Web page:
Sofia and the Byzantine Legacy in Bulgaria
Sofia, as the capital of Bulgaria, is naturally very important to Bulgaria. It has a long history, dating back to prehistory. It also shows the importance of the Byzantine legacy in Orthodox Christianity, Bulgarian and even Ottoman culture.
Sofia is in the region which was once known as Thrace. Known as Serdica in the Roman Era, it seems to have been the birthplace of Galarius, the caesar under Diocletian, and co-emperor with Constantine. It was from here Galarius announced the Edict of Toleration in 311, official ending the Diocletian persecution of Christianity, and predating Constantine’s Edict of Milan (313). It was also the site of the Council of Serdica in 343, probably held in the historical Church of Saint Sofia, which gave its name to the city. While it was upheld in the East and the West, this council did not accomplish its goals, and thus is not viewed as an ecumenical council as, for example, the Council of Nicea would be.
The Bulgars were a nomadic steppe people who invaded Thrace in the 6th century, conquering the region from the Byzantine Empire. The Bulgars and Byzantines were frequently at war with each other, though Byzantine culture increasingly influenced the Bulgars. One of the most important moments of cultural exchange in 864, when the Bulgar Tsar Boris I abolished paganism and accepted Orthodox Christianity as the official religion. The Byzantine Emperor Basil II defeated the Tsar Samuel II in 1041, thus conquering the First Bulgar Empire. Towards the end of the 12th century, a second Bulgar Empire arose in the same region, which would last until the Ottomans conquered it. Having an Orthodox Christian majority for centuries alone shows the importance of Byzantine culture and Constantinople in Bulgarian culture. It can also be clearly seen in the oldest and most important art and architecture of Sofia.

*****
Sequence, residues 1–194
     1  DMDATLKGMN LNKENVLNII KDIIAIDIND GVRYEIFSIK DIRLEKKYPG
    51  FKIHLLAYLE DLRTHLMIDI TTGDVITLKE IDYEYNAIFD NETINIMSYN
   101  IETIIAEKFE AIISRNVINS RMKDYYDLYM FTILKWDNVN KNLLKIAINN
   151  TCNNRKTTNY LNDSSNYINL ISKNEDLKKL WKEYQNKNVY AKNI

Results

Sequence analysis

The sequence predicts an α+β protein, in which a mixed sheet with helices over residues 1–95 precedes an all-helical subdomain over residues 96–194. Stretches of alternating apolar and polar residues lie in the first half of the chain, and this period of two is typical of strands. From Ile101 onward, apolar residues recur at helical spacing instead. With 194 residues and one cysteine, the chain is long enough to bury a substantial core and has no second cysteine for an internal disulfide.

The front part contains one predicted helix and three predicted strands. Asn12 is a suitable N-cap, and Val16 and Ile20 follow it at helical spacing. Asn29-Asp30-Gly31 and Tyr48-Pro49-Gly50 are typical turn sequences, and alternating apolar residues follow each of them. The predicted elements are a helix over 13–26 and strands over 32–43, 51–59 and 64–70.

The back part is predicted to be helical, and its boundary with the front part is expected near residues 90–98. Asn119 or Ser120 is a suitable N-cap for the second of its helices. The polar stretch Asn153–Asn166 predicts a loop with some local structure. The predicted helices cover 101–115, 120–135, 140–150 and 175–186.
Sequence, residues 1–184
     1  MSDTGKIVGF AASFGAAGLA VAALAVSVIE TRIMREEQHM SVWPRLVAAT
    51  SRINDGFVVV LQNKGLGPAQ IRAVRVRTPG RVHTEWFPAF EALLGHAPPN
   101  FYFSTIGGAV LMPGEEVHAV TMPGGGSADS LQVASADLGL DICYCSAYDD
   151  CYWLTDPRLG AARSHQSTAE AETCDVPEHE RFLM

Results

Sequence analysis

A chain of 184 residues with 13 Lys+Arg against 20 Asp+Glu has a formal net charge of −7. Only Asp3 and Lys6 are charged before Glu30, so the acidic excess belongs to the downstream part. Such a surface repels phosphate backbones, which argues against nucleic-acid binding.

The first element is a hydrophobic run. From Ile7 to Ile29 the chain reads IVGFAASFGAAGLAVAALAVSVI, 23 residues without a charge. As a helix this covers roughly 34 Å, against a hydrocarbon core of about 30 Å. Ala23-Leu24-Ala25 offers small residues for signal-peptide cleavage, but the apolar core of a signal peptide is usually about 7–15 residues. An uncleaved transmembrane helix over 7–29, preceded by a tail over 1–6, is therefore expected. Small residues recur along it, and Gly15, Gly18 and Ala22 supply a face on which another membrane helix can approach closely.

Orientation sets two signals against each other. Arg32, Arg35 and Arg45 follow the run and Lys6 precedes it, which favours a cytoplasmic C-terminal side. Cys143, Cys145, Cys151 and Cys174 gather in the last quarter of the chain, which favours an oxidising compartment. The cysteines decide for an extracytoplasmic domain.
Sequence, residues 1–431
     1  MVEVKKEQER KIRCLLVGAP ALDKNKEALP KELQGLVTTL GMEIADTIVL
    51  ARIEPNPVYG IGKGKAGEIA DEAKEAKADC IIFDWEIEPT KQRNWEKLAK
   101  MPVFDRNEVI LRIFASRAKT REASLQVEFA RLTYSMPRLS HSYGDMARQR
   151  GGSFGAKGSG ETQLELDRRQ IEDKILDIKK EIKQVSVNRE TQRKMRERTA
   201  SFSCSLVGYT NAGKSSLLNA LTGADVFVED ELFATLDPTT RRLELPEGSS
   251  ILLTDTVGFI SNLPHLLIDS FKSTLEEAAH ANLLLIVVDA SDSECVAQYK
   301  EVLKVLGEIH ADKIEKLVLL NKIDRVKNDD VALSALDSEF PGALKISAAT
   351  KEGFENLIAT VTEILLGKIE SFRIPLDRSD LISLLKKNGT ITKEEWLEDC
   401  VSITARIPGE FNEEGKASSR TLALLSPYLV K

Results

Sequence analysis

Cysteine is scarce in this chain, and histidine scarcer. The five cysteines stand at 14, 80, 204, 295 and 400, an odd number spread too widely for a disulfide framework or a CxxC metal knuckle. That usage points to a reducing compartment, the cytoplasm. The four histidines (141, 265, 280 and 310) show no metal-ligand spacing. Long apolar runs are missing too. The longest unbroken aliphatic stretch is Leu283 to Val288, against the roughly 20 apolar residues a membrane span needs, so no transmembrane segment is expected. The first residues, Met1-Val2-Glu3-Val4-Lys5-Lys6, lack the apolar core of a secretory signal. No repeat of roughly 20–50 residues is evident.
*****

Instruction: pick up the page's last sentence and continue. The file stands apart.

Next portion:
Sofia has some noteworthy churches, as the aforementioned Church of Saint Sofia. Its current building dates to the 6th century, though the ruins of its predecessor can still be seen underneath the foundations of the current structure. The Church of St. George, a rotunda dating to the time of Constantine and Galarius, is the oldest structure in Sofia and is one of the oldest churches in the world. It is believed that it was the site of a pagan temple before. It has frescoes across a long span of time, across much of the Medieval Era in particular. The Boyana Church, which lies on the outskirts of Sofia, is a UNESCO world heritage site with remarkable medieval frescoes. This church in particular shows the connections between Byzantine culture and Bulgarian culture. The Alexander Nevsky Cathedral was designed in a Neo-Byzantine manner.
Sofia is in no way the only place to find Byzantine influence in Bulgarian culture. The first two capitals of the First Bulgarian Empire, Pliska and Preslav, were influenced by Byzantine culture especially after the Bulgars converted to Christianity. The UNESCO world heritage site, the Rock-hewn Churches of Ivanovo, is a complex of monastery caves in the north eastern Bulgaria. The city Nesebar, another UNESCO world heritage site, has numerous churches including several dating to the Byzantine Era. The Rila Monastery, while largely dating to the 19th century, has existed since the 10th century. Its bright, colorful fresoes from the 19th century, show the lasting mark of Byzantine culture on the region, as it continues to create new forms of art at the same time.